If you heard about one carbon monoxide poisoning close to home, it is enough to scare you. When you hear of two carbon monoxide poisonings, it is enough to take preventative actions. This is what happened after carbon monoxide poisoning in Alaska struck twice.

On Monday, Feb. 20, one person died and seven were hospitalized in a South Anchorage home, according to ADN. On Monday, March 6, nine people were hospitalized due to carbon monoxide poisoning in Houston, Alaska, according to KTUU. Stores across Anchorage have reported a shortage of carbon monoxide detectors recently probably due to the publicity of these stories, according to ADN.

Carbon Monoxide Poisoning in Alaska Strikes South Anchorage

The South Anchorage home was a single family residence that was built by the family six years ago. Initially, officials thought it was possible that the exhaust vents may have been clogged by snow and ice, a common problem in Alaska. The Anchorage Police Lieutenant said that there were several carbon monoxide detectors inside the home, but none had been installed. This is an illustration of the importance, the urgency of installing CO detectors in the home in a timely way. It’s not something to put off. The levels in the home were close to 1,000 ppm, which is extremely high and deadly. Detectors will be triggered by much less, about 30 ppm, according to ADN.

Carbon Monoxide Poisoning in Alaska Strikes Houston

The second, more recent carbon monoxide poisoning that hospitalized nine people was due to a generator running in the residence’s basement. The residents said they thought there was enough ventilation. He experienced a bad headache, and left the home for some air. He drove to his friend’s house, where he passed out in the driveway. His friend ended up pulling three people out, calling for help, and opening windows for the three others who were immovable. If the call for help had been delayed even a minute, there may have been fatalities, according to KTUU. The house actually did have one carbon monoxide detector, but it was non-functional.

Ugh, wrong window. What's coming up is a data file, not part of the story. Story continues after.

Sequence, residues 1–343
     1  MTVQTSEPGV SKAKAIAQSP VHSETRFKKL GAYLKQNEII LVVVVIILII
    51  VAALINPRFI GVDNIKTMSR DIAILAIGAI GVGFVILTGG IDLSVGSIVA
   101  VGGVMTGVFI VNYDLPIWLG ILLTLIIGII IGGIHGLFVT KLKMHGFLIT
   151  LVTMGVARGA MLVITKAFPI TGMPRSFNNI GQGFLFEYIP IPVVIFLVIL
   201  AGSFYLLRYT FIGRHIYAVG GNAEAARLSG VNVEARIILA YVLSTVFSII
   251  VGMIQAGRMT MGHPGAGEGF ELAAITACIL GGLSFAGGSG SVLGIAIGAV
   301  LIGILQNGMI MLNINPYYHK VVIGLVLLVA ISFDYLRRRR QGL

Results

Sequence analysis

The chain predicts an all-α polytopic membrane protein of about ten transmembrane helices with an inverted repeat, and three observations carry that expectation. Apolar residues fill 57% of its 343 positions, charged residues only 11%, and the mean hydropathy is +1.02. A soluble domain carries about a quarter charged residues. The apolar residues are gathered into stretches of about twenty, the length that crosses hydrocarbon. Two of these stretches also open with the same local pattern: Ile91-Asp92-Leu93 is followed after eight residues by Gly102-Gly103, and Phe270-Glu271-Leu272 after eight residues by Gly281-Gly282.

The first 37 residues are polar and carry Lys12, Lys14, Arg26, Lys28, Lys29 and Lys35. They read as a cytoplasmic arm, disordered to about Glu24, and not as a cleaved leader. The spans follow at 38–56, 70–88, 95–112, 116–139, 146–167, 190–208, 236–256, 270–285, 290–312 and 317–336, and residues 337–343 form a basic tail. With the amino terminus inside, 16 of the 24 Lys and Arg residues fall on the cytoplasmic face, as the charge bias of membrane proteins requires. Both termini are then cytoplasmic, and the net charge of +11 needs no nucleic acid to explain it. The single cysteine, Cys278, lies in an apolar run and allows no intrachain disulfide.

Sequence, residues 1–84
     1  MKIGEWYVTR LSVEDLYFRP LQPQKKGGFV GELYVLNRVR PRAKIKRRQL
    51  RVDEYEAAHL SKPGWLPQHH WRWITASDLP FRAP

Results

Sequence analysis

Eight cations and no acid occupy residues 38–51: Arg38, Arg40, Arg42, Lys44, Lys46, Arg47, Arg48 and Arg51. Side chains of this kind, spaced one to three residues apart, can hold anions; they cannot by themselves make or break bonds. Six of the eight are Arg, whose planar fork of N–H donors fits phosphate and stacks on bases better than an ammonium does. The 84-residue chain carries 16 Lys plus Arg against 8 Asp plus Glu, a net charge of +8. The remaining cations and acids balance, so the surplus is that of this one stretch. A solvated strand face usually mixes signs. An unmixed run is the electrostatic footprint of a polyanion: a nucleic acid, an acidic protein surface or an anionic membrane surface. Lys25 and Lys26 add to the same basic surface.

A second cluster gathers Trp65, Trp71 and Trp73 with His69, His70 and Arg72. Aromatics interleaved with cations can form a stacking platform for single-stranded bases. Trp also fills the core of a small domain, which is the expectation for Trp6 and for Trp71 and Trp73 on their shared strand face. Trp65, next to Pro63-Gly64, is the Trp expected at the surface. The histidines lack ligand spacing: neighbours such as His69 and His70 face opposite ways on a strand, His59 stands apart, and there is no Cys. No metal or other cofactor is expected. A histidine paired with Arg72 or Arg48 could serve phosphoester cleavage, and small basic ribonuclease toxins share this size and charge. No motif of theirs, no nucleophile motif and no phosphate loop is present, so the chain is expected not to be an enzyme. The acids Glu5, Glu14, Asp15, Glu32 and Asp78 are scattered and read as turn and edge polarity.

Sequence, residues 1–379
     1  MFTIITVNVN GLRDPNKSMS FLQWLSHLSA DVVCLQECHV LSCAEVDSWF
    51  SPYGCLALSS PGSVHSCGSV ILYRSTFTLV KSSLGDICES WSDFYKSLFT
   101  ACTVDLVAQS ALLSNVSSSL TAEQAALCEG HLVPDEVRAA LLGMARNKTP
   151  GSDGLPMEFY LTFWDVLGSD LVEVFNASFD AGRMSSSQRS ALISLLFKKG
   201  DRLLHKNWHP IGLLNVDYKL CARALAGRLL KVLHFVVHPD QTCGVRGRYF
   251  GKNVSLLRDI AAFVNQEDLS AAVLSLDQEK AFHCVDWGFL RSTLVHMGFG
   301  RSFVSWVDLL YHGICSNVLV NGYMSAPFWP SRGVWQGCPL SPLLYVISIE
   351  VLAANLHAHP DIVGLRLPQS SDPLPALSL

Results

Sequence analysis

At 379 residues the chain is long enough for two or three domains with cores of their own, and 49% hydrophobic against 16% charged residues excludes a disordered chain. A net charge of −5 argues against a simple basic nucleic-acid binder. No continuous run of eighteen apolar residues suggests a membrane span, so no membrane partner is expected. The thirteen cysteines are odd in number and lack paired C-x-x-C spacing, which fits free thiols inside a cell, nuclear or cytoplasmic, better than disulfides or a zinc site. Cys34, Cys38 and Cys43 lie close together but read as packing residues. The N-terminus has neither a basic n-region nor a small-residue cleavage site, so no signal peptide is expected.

Attorney Gordon Johnson discussed this South Houston poisoning in his testimony in front of the U.S. Consumer Product Safety Commission on March 8, 2017.

Carbon monoxide detectors can be purchased rather easily and inexpensively at the local hardware store. When people hear of tragedies such as the ones described above, they feel compelled to protect their families by buying a good carbon monoxide detector. It is the responsibility of the store to keep these items in stock, so that every family and business can be safe. The best carbon monoxide detectors to buy are the ones with the digital readouts, which tell the user how much carbon monoxide is in the air, and a peak exposure feature. This can be helpful to first responders who need to determine best line of treatment and severity of poisoning.

It is also helpful to have carbon monoxide detectors near sleeping areas, in the kitchen, near the entryway from the garage, and in the boiler room. It is also important to check the detectors and install new batteries every six months to make sure it is operational. In addition, residents and business owners should have their furnaces and other gas-burning appliances serviced every year. Another tip is to monitor exhaust vents when the temperatures are below freezing to make sure they are clear. If you are experiencing signs and symptoms of CO poisoning, such as headaches, nausea, and vomiting, go to fresh air immediately and seek help. In business settings, employers should educate their employees on how to prevent CO poisoning and how to recognize the signs and symptoms. The law in Alaska requires carbon monoxide detectors in all dwelling units that have gas-burning appliances, attached garages, or adjacent parking spaces.

In addition, there were two separate workplaces that experienced carbon monoxide exposures on Dec. 13, 2016, according to an investigation. In both facilities, the dropping temperatures and rising humidity led to the wire mesh on the air intake vents to be covered in ice. This caused the increased carbon monoxide production, also known as a “dirty burn.” Boilers are supposed to have a safety feature that shut down operation in oxygen poor conditions, but this feature failed in both facilities. In one facility, a vent dispersed the gas throughout the facility. In the other, the gas may have permeated through the walls. The first facility noted that there was a carbon monoxide detector, but the alarm did not go off.

These news stories and this investigation are unfortunate reminders that people need to be aware of the dangers of carbon monoxide poisoning and know what it takes to prevent it in homes and businesses. Carbon monoxide poisoning in Alaska caused carbon monoxide detectors to fly off the shelves. We can only hope that these devices will be installed and maintained in the best ways.

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